Could hear a lot of voices as visitors poured in to the rehabilitation centre and villagers and picnickers alike took a dip in the cold river water. The cottage area was however secluded. By afternoon, the crowd had started to disperse returning the peace of the place.
Went for the leopard Safari at five. Realised it very late that my camera for some reason had shifted to the night-mode and I was not panning due to lack of space.
The evening again was spent peacefully in front of the cottage. A flock of storks were taking refuge in the trees across the river. Lazily watched them settle down for the night.
But there was no respite from the trouble. We heard that there had been violence in Beerpara during the day. There was a clash of GJMM supporters with the police, some bikes were burnt and people injured. The news was not good as we had to go through that same area the next morning. The tension remained as the dusk settled in and we prepared for another exclusive night in the forest.
|7th October 2008, 21:08||#19|
Senior - BHPian
Although the writeup is good as ever and the photographs do justice to the scenery, but I have a feeling you, as well as a few others, are not going to like what I am going to say next.
I am not making concessions to you on the grounds of these being your single digit posts numbers, because you had, as in your own words, studied the character of this forum for quite sometime now. A forum that says "redlining the Indian automotive scene" must have things to do with things automotive or things we do with them. You may argue, it can be extended to how we use them as public transportation, but thats where I draw the line.
Technically, a travelogue can be an account of any travels that have been undertaken. As it is people from our region have a penchant for excursion. At any given time of the year, visit any tourist interest in India you would find Sumo-loads of them (wearing monkey caps and mufflers irrespective of geography). They take a train, then a bus then rent a Sumo or Bolero driven by a local and visit almost every nook and cranny of mother India. Many of them turn out to have interest in photography and a flair for writing. Plenty of such literature is/were available during the book fair that we intellectually celebrate. Slowly those are also creeping into the web. But shouldn't there be a difference between the numerous "bhromon kahini"s (Travel Stories) versus that being posted on Team-bhp.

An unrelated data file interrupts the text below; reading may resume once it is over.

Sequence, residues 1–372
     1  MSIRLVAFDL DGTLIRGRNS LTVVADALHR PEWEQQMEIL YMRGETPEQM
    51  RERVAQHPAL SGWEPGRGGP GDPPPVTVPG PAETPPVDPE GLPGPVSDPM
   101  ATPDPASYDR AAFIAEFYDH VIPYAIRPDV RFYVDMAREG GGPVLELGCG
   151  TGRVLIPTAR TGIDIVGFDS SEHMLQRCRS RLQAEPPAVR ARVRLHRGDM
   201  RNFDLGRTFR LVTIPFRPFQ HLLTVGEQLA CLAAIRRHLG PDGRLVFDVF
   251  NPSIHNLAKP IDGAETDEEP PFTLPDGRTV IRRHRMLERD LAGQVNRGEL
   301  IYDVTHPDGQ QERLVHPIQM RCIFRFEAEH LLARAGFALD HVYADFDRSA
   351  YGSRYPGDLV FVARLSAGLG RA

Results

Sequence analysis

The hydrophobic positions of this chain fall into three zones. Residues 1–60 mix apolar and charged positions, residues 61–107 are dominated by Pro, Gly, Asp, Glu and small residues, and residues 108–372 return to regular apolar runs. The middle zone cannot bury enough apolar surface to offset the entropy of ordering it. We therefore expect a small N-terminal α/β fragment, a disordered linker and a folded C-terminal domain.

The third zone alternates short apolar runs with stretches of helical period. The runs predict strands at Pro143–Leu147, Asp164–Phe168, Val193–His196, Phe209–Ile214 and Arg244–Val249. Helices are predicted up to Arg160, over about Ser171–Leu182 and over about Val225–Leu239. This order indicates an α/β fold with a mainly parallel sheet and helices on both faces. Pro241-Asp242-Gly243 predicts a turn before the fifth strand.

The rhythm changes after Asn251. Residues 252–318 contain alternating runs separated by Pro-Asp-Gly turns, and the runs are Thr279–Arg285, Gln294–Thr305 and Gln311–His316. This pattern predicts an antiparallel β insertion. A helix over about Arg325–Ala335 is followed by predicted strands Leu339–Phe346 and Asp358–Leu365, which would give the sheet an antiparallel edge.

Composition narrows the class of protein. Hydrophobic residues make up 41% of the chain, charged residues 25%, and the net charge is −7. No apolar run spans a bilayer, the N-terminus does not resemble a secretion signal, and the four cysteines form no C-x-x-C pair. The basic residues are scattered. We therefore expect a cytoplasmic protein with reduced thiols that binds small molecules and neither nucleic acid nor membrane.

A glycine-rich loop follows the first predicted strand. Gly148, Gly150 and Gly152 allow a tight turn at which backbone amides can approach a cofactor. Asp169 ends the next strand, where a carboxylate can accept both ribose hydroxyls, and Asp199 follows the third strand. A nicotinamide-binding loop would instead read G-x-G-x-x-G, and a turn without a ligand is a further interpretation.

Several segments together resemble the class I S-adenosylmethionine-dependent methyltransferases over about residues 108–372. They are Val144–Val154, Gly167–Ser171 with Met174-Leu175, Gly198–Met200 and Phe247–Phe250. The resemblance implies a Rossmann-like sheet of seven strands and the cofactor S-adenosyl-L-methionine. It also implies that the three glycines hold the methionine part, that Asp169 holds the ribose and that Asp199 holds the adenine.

The key word here is "Public transport".
Generally a travelogue here, should have a vehicle that you or your family steered to a destination. Now if the journey involved all eyelids closed dreaming, heads nodding left and right and the mouth open while the poor driver (unrelated to you) took you to your point of interest (Oh he also woke you up at certain viewpoints) would that qualify to be a good travelogue on team-bhp?
Half of the charm of visiting an unknown place gets lost when you hitch up with a local (read: guide/ driver) who spoon feeds you all the information that one would have loved to extract by interaction with multiple people from various points. Moreover does it help someone who would want to take his own vehicle to these locations?
check this out, you'll know what I am talking about (Same geographical location)
http://www.team-bhp.com/forum/travel...th-sikkim.html (10 Days - Darjeeling, Kalimpong,Gangtok and North Sikkim)
Having said this, I would have no qualms of this being written by Alam from his perspective of shouldering the responsibility of a few strangers through trouble-torn areas, not all of which was totally his backyard. I would appreciate that travelogue even if it did not have pictures or the writing not as elaborate. Lets invite Alam!
Last edited by 1100D : 7th October 2008 at 21:09.
|7th October 2008, 23:11||#20|
Join Date: Jul 2007
Location: Chennai / Dubai
You may be right if you want to strictly follow the objective of "redlining" "the Indian automotive scene".
But by that definition, some other topics such as "International Automotive Scene" and "Shifting Gears" in the forum are way off the mark.
In my humble opinion, most threads in the Travelogue section have some brilliant narrative, great information and wonderful pictures that I have so far failed to get from anywhere else in the web.
Due to a very high quality of moderation and control, this forum has only excellent threads and corresponding posts. This exceptional feature of the forum has helped in the growth of its membership to more than 30,000.
I for one would not want any restrictions on the line suggested by you.
After all, redlining in the context of automotive only means 'pushing to the limits' and not redlining as in 'containment'.
|7th October 2008, 23:20||#21|
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@1100D - a bit harsh. the member here has taken the time to record his journey in pics and is taking pains to write it down for us. I enjoyed reading it, and like GT above said, i dont find good travelogues of india anywhere else on the net. this is one of them.
|7th October 2008, 23:27||#22|
Join Date: Sep 2008
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Thanks for enlightening me, I shall keep this in mind in future.